HEALTH AND TECHNOLOGY

Researchers develop stickers that can see inside the body

New stamp-sized ultrasound scanners can produce clear images of heart, lungs, and other internal organs.

In Summary

•The team hopes that they can soon develop a wireless variant. 

•Currently, ultrasound imaging requires bulky and specialised equipment available only in hospitals.

The adhesive sticker
The adhesive sticker
Image: Source: MIT

Researchers from the Massachusetts Institute of Technology (MIT) have created a stamp-sized sticker that can provide images of internal organs continuously for 48 hours.

The design requires connecting the stickers to instruments that translate the reflected sound waves into images.

The researchers applied the stickers to volunteers and showed the devices produced live, high-resolution images of major blood vessels and deeper organs such as the heart, lungs, and stomach.

"We envision a few patches adhered to different locations on the body, and the patches would communicate with your cellphone, where AI algorithms would analyse the images on demand," says the study's senior author, Xuanhe Zhao.

 "We believe we've opened a new era of wearable imaging: With a few patches on your body, you could see your internal organs."

Currently, ultrasound imaging requires bulky and specialised equipment available only in hospitals and special places. But the new design might make the technology as wearable and accessible as buying Band-Aids at the pharmacy.

Dr Benjamin Wachira, an emergency care physician at the Aga Khan University Hospital, scans a client's heart at the emergency wing using the point of care ultrasound. The device is now a standard at the hospital, which nearly every doctor carries.
Dr Benjamin Wachira, an emergency care physician at the Aga Khan University Hospital, scans a client's heart at the emergency wing using the point of care ultrasound. The device is now a standard at the hospital, which nearly every doctor carries.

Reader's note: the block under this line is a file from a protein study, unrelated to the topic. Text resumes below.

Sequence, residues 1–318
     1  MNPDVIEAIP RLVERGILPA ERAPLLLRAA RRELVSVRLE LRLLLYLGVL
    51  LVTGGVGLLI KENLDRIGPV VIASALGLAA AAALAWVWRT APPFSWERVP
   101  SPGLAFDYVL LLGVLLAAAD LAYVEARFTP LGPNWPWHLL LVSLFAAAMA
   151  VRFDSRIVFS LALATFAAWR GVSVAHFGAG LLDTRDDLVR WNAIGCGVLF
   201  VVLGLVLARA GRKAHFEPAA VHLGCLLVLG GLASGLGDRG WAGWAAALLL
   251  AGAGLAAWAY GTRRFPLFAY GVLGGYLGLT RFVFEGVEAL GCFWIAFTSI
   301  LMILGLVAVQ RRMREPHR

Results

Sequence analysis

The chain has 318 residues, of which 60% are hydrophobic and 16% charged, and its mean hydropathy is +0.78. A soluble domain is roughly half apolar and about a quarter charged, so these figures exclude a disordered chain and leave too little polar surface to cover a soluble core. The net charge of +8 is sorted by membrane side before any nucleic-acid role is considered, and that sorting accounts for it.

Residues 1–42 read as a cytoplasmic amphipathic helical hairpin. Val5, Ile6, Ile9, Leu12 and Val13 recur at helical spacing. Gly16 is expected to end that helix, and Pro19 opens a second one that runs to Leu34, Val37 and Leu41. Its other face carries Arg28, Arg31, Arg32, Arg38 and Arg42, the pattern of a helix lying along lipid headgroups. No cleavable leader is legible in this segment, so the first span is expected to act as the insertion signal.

Image: WILFRED NYANGARESI

The researchers tested the stickers on volunteers who performed various activities like sitting, standing, jogging and biking, observing that it was still adhesive and captured all the changes in the underlying organs.

They point out even in their current form, the stickers are ready for use and could be rolled out to patients in hospital, similar to heart-monitoring EKG stickers, and could continuously image internal organs without requiring a technician to hold a probe in place for long periods of time.

The team hopes that they could soon come up with stickers that are wireless so that they could be made into wearable imaging products that patients could take home from a doctor's office or even buy at a pharmacy.

A person working out
A person working out
Image: buyblackmainstreet

What makes it special

At the moment, to image with ultrasound, a technician first applies a liquid gel to a patient's skin, which is necessary to transmit ultrasound waves.

A probe, or transducer, is then pressed against the gel, sending sound waves into the body that echo off internal structures and back to the probe, where the echoed signals are translated into visual images.

With the MIT team's new ultrasound sticker, they saw that despite the size, it produced higher resolution images over a longer duration by pairing a stretchy adhesive layer with a rigid array of transducers.

 "This combination enables the device to conform to the skin while maintaining the relative location of transducers to generate clearer and more precise images." Wang said.

Unlike traditional ultrasound gels, the MIT team's hydrogel is elastic and stretchy.

"The elastomer prevents dehydration of hydrogel," says Chen, an MIT postdoc.

Unlike traditional ultrasound gels, the MIT team's hydrogel is elastic and stretchy.
Unlike traditional ultrasound gels, the MIT team's hydrogel is elastic and stretchy.

"Only when the hydrogel is highly hydrated can acoustic waves penetrate effectively and give high-resolution imaging of internal organs."

They are also developing software algorithms based on artificial intelligence that can better interpret the stickers' images.

They hope they can not only be used to monitor various internal organs, but also the progression of tumours, as well as the development of foetuses in the womb.

"We imagine we could have a box of stickers, each designed to image a different location of the body," Zhao says.

"We believe this represents a breakthrough in wearable devices and medical imaging."

Their study was published in the Journal Science.

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